Great Lakes Steelhead Co.’s Feature on Beads and Jigs

By Zack RAYNO, Founder of Great Lakes Steelhead Co.

Nowadays, the options for steelhead and trout fishing seem endless. Choosing and rigging a bait can seem daunting, but an evaluation of your river surroundings can make this choice easy.

Trick Em Beads and Jigs are my go-to baits while scouring the tributaries of Lake Ontario, but when is appropriate to fish a bead vs. a jig? First, I analyze where the fish are. For example, in early fall when water temperatures are high, steelhead tend to hold in quick riffles. This faster water is perfect for bead fishing. As fall turns to winter and the water temperature drops, steelhead begin retreating to the deeper pools and slower water. This slow drift is classic for fishing a jig underneath a float.

Next, consider what the fish are feeding on. During spawning periods, you can bet there are eggs floating around in the water. Grab your bead box! This holds true not only for Lake Ontario’s tributaries, but also for inland streams where fish are spawning. Just as steelhead gorge themselves behind spawning salmon in the fall, inland trout enjoy an easy meal behind spawning fish as well.

No spawning fish around? No problem! How about baitfish? Jigs mock the sharp movement of minnows perfectly and serve as a great imitation. Whether it’s gizzard shad wandering into the lower Oswego River or smelt making their spawning run on a Lake George tributary, jigs are an effective tool.

Now that we’ve decided what kind of bait to use, it’s time to pick a color and size. Nowadays, the options seem endless. Trick Em Beads are available in over 200 colors and sizes 6,8,10 and 12mm, each with its own purpose. Again, analyze fishing conditions. When deciding bead size, look at the size of the egg you are trying to mimic. Big Chinook Salmon eggs? Try a 10mm. Small trout egg? Time to bust out the 6mm beads.

Water clarity also influences size and color choice. When fishing clear conditions, I stick to the natural light oranges and yellows in a size true to the egg. Colors like All-In, Cheeze Doodle and Egg-Zacktly in sizes 6mm and 8mm are very effective.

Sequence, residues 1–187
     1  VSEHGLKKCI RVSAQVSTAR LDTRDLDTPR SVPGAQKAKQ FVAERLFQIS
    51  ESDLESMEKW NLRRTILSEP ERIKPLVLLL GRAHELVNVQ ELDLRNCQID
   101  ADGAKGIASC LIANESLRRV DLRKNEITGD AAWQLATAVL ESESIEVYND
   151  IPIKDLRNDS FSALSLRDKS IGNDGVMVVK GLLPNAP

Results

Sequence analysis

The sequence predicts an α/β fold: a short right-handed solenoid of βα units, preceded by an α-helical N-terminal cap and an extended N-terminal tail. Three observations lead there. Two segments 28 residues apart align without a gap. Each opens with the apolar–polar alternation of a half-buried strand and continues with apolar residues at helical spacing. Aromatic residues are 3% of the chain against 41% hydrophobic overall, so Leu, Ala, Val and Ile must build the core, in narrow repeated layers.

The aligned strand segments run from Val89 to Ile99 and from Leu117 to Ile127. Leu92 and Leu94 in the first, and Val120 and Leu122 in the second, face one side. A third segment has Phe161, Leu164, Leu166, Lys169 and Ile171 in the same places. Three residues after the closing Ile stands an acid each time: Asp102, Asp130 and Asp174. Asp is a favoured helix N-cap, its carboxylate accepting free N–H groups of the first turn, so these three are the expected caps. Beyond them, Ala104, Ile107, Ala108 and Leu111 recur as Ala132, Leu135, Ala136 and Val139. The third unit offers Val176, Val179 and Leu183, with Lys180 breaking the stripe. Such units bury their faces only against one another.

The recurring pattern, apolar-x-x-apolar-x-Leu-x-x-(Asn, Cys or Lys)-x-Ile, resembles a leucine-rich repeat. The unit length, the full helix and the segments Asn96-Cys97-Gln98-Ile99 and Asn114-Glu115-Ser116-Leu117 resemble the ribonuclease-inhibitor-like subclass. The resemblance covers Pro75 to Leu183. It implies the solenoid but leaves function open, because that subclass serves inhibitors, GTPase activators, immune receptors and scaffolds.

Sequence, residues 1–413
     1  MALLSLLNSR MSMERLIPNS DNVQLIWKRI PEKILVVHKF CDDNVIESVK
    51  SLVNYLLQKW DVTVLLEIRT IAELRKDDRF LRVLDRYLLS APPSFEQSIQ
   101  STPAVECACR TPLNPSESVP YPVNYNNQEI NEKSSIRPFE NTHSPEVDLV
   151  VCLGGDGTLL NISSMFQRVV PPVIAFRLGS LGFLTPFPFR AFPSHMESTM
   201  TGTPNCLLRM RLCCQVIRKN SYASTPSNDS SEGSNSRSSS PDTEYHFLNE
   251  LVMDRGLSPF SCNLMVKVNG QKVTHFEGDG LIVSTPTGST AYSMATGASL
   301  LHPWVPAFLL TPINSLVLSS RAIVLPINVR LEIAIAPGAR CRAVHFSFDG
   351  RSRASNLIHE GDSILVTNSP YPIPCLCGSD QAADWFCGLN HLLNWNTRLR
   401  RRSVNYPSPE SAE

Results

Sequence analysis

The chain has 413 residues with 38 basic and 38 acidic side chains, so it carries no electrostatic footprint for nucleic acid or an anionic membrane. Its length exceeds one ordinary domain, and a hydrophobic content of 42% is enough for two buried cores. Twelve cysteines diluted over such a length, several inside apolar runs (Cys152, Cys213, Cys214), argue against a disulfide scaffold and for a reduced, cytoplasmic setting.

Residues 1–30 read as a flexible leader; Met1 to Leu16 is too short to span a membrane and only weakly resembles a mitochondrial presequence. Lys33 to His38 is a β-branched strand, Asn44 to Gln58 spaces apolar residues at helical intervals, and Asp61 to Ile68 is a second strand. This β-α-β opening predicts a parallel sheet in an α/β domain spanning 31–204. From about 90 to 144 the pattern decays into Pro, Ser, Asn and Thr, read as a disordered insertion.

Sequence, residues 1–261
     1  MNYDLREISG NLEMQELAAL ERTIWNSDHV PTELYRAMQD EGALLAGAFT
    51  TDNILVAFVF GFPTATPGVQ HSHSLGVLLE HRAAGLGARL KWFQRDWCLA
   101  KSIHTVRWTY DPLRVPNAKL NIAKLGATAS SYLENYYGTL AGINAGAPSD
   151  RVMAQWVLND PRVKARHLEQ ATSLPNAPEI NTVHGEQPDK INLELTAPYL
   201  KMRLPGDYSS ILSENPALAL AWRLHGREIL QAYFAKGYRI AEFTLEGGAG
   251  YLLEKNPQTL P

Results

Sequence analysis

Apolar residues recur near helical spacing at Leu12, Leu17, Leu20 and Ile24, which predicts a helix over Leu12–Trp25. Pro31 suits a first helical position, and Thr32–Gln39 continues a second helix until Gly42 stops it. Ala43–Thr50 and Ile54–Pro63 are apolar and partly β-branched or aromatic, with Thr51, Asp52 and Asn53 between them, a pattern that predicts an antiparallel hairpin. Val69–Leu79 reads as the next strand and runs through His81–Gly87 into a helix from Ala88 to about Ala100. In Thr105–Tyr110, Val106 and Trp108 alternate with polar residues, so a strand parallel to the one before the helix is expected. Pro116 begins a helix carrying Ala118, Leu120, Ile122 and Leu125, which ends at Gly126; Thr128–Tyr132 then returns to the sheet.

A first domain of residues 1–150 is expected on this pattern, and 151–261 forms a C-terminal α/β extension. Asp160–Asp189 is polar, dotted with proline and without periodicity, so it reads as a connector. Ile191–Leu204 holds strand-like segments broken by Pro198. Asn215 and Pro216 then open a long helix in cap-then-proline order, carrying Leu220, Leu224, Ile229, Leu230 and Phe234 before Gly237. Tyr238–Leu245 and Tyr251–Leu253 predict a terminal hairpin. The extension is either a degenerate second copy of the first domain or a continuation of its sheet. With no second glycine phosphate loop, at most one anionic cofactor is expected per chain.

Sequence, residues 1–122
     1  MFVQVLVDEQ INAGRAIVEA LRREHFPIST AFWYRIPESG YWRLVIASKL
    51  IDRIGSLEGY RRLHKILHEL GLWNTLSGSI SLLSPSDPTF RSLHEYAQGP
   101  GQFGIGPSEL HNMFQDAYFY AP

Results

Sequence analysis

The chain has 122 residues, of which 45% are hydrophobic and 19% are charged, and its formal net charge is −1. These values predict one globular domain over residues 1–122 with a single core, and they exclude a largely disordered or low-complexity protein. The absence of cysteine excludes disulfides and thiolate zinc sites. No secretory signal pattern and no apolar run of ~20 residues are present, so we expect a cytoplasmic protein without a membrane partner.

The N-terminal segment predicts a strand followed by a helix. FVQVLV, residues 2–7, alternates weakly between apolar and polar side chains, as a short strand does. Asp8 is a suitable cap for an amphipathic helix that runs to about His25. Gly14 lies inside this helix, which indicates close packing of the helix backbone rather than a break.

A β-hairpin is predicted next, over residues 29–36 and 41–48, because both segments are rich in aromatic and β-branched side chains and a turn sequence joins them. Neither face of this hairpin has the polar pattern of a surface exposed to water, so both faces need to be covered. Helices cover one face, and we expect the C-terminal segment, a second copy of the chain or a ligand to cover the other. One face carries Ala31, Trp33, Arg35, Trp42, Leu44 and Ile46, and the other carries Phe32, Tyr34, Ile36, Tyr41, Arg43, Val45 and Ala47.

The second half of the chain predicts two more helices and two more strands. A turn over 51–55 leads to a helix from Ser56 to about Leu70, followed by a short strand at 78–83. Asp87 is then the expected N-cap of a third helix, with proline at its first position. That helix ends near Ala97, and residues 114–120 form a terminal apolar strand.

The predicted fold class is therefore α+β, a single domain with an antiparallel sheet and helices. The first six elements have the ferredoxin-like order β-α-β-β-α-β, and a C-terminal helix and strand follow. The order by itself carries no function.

When fishing turbid water, I brighten my color selection and utilize UV enhanced baits in bigger sizes. Super UV Orange, Atomic Yellow and Tangy in 10mm and 12mm are favorites of mine.

These same considerations dictate jig selection as well. The Salmon River in Pulaski, NY often flows low and clear during the winter. I like to run 1/64 oz. and 1/32 oz. jigs in natural tones like Ghost Marabou, Cotton Candy Marabou, Kalamata Bunny and Gingersnap Bunny.

Travel a bit west to the Oswego River and you may find high and turbid water flows. Time to bump up to 1/16 oz. and 1/8 oz. jigs with a little more flash. Dirty Girl Bunny, Ecto Crafty and Shocker Shimmy jigs are all viable options.

Now it’s time to rig up! But, how? Centerpin fishing with beads differs from jigs. I still begin with split shot tapered in weight beneath the float, but as they say, the devil lies in the details.

When I am throwing a bead at fish, I like to keep my shot pattern heavy, enough weight to keep a 6-8g float riding properly. I also tend to keep my leader length relatively short, between 15 and 18 inches. This helps to keep your bait in the strike zone. As I switch gears to jigs, I lighten things up. My shot pattern is decreased down to a 4-5g float. I also increase my leader length, about 20-24 inches. In doing this, I let the jig move more freely.

At first glance, hundreds of colors options in multiple sizes can seem disheartening. But, after breaking down river conditions and keeping a wide selection of baits with you, hook-ups are right around the corner. Now get out and fish!

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